Saturday, February 28, 2015


It's been another week in the deep freeze.  My two dogs can hardly be outside for any length of time without them lifting their paws from the cold snow.  What must it be like for the deer and other critters who get no respite from these conditions?  The snow cover keeps the deer from browsing for fronds, broad-leaf plants, grasses, and hard and soft mast, such as acorns and berries.  Their energy requirements are especially great in the winter so I try to help by putting out two kinds of feed blocks.  

Late in the afternoon the deer begin to trickle in to my safe haven.

They come singly or in pairs.  Most of the time I have five regulars.  But in extreme conditions, I've had as many as 16 deer visitors all at the same time.

This deer, whom I call Lucy, gravitates to the longer lasting deer feed.  I'm not sure if she likes this kind better, or if she's learned she's not high enough in the pecking order to eat from the tastier brand.

The Purina Premium Deer Block is the more popular kind, and it lasts anywhere from two days to a week, depending on the conditions.   With this current deep freeze, this brand has been lasting no more than three days.

Sometimes the deer really attack the feed block, pulling off large chunks of it with each bite, which is another signal of their voracious appetites in the winter.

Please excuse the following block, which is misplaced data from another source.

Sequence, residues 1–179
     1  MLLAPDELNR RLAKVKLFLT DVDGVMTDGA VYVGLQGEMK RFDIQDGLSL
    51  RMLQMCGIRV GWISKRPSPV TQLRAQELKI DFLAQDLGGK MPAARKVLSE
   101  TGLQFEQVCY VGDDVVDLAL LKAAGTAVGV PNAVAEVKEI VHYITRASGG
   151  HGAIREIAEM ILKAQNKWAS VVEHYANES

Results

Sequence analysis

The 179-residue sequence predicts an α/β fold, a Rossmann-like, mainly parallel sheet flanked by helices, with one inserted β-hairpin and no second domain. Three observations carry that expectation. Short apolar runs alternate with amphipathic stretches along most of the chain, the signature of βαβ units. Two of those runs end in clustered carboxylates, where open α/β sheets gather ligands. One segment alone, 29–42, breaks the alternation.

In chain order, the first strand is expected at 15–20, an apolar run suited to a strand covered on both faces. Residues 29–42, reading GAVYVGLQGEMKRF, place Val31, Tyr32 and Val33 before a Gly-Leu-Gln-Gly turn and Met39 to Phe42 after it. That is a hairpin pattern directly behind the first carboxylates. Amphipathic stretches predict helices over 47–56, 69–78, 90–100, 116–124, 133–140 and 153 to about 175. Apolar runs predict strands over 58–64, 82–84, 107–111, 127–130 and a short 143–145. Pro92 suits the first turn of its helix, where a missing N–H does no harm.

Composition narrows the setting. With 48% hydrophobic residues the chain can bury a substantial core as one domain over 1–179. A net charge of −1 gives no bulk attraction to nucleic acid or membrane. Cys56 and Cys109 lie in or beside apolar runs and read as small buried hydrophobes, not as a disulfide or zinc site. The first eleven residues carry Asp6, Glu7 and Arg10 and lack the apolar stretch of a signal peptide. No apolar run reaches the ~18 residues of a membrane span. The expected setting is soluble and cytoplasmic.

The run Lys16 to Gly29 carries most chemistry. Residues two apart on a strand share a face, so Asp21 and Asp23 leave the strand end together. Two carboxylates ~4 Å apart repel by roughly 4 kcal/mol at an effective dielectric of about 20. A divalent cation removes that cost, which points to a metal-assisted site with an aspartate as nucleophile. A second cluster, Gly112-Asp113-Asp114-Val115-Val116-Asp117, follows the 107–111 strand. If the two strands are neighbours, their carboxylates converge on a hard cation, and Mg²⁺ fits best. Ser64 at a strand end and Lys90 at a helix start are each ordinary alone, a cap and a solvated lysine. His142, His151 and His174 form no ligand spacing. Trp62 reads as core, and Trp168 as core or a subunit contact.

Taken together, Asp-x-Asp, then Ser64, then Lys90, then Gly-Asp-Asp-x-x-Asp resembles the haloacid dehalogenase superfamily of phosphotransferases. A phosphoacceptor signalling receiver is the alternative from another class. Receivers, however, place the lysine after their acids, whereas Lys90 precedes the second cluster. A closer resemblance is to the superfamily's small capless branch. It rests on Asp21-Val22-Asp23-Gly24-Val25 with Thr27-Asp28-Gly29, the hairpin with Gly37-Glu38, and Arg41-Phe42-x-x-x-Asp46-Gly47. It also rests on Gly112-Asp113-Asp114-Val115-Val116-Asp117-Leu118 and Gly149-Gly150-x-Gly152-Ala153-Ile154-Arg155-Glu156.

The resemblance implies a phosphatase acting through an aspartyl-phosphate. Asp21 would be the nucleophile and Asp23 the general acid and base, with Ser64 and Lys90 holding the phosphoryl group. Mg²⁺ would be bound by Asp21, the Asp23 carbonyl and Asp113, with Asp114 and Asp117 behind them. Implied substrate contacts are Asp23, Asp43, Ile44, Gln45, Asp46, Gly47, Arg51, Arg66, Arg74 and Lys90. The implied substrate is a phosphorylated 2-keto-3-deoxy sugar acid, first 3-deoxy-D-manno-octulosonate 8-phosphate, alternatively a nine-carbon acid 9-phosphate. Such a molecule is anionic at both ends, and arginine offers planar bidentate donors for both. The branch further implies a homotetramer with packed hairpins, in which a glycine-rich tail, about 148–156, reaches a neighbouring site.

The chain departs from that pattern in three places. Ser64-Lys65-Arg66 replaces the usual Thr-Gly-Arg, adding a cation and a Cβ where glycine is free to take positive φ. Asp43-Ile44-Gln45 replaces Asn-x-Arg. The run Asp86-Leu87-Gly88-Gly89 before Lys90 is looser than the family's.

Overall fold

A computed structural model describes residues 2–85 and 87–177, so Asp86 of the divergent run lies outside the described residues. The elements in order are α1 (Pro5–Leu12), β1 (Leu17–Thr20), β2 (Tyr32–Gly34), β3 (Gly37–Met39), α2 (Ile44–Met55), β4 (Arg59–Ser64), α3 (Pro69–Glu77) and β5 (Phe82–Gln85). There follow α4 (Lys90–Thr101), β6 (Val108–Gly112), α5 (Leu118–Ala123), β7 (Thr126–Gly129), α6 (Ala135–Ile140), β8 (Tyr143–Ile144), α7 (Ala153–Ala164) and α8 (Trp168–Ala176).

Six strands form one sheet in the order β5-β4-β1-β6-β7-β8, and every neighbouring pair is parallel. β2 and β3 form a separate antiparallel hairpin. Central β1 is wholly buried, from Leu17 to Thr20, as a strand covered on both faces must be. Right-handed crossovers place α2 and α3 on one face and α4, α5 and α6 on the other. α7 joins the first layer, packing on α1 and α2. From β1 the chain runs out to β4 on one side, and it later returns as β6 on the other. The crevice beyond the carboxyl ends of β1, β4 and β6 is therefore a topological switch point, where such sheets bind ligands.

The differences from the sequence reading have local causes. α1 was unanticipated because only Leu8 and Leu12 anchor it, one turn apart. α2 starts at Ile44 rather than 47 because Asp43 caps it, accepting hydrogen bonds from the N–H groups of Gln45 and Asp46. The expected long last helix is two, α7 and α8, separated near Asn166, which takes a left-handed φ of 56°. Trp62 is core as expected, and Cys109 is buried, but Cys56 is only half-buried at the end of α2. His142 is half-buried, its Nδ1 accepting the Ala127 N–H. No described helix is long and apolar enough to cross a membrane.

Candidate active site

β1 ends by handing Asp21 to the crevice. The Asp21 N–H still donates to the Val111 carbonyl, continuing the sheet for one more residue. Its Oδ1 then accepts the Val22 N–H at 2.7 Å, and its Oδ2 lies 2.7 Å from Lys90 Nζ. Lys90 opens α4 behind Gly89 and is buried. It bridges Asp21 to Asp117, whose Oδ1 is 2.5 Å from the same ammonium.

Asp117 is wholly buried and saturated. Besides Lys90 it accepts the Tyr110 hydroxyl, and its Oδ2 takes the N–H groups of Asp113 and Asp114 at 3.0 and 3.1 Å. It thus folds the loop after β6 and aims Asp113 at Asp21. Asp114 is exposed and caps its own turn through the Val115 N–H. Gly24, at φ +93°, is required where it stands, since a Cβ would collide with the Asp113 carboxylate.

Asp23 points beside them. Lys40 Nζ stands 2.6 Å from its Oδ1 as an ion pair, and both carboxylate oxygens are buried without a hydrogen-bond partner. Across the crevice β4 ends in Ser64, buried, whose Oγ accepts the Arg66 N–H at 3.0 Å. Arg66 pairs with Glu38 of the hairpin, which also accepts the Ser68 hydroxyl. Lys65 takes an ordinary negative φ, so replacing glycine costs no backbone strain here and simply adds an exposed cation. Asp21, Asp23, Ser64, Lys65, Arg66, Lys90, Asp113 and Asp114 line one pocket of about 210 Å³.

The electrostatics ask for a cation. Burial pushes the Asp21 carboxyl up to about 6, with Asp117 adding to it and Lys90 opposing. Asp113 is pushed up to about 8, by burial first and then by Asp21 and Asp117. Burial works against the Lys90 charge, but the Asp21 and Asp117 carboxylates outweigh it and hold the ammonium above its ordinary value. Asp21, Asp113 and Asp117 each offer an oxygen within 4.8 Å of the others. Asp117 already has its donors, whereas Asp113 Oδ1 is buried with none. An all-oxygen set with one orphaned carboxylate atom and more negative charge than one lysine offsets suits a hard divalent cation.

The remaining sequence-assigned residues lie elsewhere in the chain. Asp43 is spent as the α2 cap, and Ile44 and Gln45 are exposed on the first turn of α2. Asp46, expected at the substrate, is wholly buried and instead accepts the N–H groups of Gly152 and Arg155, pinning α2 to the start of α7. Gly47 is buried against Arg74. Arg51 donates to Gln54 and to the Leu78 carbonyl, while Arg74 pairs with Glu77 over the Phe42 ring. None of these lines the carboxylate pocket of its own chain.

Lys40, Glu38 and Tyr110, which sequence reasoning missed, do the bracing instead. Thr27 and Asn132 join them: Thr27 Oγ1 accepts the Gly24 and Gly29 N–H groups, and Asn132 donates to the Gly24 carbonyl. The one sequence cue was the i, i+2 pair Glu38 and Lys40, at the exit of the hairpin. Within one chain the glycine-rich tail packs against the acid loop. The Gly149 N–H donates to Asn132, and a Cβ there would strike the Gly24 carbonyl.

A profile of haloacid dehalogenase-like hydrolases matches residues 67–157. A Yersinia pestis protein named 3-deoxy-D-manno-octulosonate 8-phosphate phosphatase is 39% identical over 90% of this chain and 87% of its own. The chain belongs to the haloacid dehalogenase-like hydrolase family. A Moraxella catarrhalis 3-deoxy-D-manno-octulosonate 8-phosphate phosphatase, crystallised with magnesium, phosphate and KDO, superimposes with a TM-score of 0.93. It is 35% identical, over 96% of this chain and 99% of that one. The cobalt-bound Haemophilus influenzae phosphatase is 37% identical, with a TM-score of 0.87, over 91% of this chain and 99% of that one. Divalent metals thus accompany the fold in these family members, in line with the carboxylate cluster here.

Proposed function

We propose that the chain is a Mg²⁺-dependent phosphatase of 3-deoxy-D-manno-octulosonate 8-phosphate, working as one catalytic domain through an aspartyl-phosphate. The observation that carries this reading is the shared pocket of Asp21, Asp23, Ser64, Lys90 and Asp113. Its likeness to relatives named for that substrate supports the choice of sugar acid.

As this deer stands up from eating, it catches sight of me at the window with my camera.  That doesn't stop it from licking its chops after its tasty meal.

After a while, the deer get their fill and begin to meander off to their next stop on the circuit.  Sometimes they return during the night for more feed.  At times Gracie will emit a low growl during the night, and I've flicked on my floodlight.  Looking out the window, I've found my whole little herd there eating in the moonlight.

As I begin to put away my camera gear, I glance out the window another time.  It looks like the deer aren't the only ones who are cold and hungry and needing extra sustenance to get through the winter.


  1. Delightful series, Karen. The shot of the squirrel on the block made me smile because I often see squirrels, and even crows, sitting on top of our seed blocks. As you said, the deer aren't the only ones who need extra sustenance to get through the winter. And isn't viewing these beautiful creatures a sort of sustenance to help us get through the winter?

  2. Thanks, Jan; I always appreciate your visit and comments. And yes, I get lots of sustenance from helping and watching the deer...and the squirrels too.